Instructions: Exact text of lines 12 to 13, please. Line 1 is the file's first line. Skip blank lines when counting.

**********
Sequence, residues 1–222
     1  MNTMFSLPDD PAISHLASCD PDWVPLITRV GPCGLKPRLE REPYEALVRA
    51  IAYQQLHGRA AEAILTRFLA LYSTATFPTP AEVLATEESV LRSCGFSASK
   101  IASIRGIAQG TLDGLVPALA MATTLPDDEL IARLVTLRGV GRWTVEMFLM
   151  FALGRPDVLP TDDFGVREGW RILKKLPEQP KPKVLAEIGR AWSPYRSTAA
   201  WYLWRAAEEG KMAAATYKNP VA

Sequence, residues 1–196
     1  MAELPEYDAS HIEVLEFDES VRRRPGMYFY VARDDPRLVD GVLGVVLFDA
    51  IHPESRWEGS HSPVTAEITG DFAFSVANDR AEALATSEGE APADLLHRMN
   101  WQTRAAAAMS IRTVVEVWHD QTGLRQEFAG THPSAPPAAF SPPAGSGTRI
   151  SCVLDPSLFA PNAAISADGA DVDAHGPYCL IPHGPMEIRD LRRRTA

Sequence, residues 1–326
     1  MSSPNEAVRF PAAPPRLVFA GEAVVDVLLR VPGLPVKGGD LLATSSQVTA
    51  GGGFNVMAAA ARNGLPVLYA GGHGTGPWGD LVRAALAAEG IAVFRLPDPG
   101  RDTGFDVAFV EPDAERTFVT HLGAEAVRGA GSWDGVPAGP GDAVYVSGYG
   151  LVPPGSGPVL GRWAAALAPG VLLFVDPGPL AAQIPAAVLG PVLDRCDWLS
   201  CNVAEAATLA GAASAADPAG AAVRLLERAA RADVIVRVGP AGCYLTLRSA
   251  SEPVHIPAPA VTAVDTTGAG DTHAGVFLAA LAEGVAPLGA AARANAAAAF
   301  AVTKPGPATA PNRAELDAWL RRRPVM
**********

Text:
Sequence, residues 1–326
     1  MSSPNEAVRF PAAPPRLVFA GEAVVDVLLR VPGLPVKGGD LLATSSQVTA